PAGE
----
Weeks before the full extent of just how damaging coronavirus would be to the United States was publicly known, powerful Republican Sen. Richard Burr (N.C.) was busy telling a group of wealthy constituents to prepare for the worst — without, apparently, sharing those same concerns with the general public. In audio obtained by NPR and published Thursday, Burr — whose position as chairman of the Senate Intelligence Committee grants him exclusive access to national security assessments — is heard telling attendees at a private luncheon for North Carolina business leaders that "there's one thing that I can tell you about this: It is much more aggressive in its transmission than anything that we have seen in recent history. It is probably more akin to the 1918 pandemic."
Burr also told attendees:
Every company should be cognizant of the fact that you may have to alter your travel. You may have to look at your employees and judge whether the trip they're making to Europe is essential or whether it can be done on video conference. Why risk it?
Later in his remarks, Burr predicted that the U.S. military would likely need to be mobilized to address the pandemic outbreak — something that, as of this week, has indeed taken place.
Burrs remarks, made Feb. 27, stand at direct odds with those from President Trump, who at the time was busy downplaying the virus's severity and the threat it posed to the United States. They also stand in notable contrast to public statements made at the time by fellow Sen. Richard Blumenthal (D-Conn.), who has access to national intelligence briefings through his assignments on both the Senate Judiciary and Armed Services committees.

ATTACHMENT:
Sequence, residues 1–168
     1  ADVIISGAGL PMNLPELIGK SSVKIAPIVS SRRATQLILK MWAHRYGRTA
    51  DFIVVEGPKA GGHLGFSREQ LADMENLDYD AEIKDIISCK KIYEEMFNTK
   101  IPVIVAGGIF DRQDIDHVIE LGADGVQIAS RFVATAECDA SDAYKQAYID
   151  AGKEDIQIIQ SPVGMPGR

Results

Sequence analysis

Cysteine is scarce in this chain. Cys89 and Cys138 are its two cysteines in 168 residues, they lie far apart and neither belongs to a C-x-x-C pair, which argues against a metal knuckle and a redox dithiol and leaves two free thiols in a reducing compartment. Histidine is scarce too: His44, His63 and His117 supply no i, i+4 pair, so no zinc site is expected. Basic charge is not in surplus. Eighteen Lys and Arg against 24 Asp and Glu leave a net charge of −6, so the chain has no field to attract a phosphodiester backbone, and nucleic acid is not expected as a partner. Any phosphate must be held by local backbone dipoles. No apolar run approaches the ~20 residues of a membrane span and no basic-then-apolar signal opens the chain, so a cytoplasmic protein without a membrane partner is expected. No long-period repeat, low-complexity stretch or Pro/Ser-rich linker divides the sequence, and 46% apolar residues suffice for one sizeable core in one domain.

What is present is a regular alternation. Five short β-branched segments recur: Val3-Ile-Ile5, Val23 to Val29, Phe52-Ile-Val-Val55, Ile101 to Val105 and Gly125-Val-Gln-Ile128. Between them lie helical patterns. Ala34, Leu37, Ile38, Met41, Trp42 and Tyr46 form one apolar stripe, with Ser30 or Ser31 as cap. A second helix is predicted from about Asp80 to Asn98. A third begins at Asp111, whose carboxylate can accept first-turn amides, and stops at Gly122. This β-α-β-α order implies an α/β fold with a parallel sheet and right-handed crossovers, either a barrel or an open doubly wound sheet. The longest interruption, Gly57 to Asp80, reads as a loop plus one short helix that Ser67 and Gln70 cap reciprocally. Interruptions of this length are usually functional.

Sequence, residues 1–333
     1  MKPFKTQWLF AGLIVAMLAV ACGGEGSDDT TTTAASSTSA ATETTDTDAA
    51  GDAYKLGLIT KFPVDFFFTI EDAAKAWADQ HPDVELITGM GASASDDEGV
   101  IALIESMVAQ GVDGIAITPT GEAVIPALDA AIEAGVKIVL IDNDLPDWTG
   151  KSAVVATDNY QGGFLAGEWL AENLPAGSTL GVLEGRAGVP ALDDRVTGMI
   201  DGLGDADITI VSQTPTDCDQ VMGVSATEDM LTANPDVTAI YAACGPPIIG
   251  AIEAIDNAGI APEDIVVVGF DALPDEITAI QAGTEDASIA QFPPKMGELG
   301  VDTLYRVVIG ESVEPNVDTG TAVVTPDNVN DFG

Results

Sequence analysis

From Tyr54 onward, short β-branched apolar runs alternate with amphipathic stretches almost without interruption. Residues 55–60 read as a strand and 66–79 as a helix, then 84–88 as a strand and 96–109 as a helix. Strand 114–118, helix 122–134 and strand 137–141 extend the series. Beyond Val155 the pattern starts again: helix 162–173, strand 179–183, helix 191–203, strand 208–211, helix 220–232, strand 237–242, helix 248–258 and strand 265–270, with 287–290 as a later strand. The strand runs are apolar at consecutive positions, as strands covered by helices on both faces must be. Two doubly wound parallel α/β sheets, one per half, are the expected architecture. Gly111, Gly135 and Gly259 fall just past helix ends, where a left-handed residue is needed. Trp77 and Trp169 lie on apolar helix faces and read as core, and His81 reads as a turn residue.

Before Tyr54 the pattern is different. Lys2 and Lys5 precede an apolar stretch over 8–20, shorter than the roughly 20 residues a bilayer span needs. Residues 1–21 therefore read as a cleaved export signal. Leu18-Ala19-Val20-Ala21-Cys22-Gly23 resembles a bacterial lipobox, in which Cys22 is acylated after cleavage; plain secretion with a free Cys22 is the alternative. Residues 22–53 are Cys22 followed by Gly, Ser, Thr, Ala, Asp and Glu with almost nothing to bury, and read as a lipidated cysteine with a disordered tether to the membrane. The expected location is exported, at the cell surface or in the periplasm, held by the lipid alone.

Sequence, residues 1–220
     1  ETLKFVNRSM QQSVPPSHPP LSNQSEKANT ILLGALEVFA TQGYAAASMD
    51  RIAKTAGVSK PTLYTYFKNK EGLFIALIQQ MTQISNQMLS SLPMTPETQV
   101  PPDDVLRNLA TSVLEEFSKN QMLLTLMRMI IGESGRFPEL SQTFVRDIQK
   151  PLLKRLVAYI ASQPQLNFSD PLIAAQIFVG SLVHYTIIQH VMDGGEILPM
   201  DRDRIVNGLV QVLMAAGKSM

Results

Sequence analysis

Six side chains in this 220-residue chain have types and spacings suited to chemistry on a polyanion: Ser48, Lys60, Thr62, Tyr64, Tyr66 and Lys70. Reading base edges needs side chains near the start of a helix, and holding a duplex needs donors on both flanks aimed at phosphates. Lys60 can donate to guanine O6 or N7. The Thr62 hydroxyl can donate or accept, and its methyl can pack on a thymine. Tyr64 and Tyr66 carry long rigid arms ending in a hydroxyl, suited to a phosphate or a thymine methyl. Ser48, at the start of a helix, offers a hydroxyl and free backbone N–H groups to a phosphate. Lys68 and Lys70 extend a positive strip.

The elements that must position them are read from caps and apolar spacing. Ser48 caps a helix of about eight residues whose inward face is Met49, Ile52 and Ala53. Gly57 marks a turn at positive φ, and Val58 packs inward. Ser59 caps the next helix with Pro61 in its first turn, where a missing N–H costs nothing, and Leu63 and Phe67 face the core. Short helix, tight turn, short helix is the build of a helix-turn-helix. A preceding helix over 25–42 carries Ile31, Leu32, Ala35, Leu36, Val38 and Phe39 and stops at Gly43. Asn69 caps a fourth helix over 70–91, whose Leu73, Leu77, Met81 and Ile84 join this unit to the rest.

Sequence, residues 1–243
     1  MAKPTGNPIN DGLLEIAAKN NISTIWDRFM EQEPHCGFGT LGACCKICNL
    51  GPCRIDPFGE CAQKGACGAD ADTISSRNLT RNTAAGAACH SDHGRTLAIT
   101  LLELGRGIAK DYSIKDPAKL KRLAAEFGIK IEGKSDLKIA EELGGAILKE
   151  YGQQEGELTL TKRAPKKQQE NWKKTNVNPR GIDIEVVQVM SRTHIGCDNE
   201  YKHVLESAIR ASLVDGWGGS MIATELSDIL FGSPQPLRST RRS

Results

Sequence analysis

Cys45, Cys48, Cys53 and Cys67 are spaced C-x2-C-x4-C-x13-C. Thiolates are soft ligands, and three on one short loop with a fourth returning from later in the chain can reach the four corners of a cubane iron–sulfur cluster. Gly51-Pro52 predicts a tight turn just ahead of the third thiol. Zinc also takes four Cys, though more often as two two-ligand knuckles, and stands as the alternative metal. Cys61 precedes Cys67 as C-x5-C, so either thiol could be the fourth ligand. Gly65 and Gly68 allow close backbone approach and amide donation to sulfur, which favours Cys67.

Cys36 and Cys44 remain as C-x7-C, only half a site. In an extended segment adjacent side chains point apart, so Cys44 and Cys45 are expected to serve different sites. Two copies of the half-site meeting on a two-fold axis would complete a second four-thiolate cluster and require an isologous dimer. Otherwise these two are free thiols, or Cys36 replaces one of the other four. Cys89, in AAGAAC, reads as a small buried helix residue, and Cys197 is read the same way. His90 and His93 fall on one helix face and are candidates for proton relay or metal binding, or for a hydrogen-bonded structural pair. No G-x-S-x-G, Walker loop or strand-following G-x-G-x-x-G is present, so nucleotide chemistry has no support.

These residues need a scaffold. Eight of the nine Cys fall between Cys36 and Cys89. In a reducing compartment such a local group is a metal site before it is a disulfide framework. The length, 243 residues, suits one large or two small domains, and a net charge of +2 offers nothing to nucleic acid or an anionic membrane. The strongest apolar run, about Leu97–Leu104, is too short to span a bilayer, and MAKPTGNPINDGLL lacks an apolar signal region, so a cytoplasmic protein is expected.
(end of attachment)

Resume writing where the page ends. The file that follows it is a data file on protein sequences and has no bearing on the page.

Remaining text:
Just days before Burr dined with business leaders who reportedly paid anywhere from $500 to $10,000 to join the private club hosting his luncheon, Blumenthal tweeted the following:
Burr, for his part, offered a somber — if fairly benign — statement several days after his luncheon, upon news of the first coronavirus infection in his state of North Carolina:
It's a far cry from the grim, and ultimately prescient, remarks he'd made just days earlier to his gaggle of lunch buddies — many of whom were invited as representatives of companies that, it just so happens, had each spent upwards of $100,000 on Burr's previous election campaigns, according to NPR.
In a statement to NPR, Burr's office defended the senator's seemingly asymmetrical response to the viral outbreak. "Since early February, whether in constituent meetings or open hearings, [Burr] has worked to educate the public about the tools and resources our government has to confront the spread of coronavirus," Burr spokesperson Caitlin Carroll said. But NPR notes that nowhere in Burr's public statements from around the time of this recording was there anywhere near the level of concern and urgency about the virus.
Now that coronavirus and its dangers have become front page news across the country — and the world — Burr has adopted a similar public tone he used in chatting with business leaders in February. What took him so long remains an open question.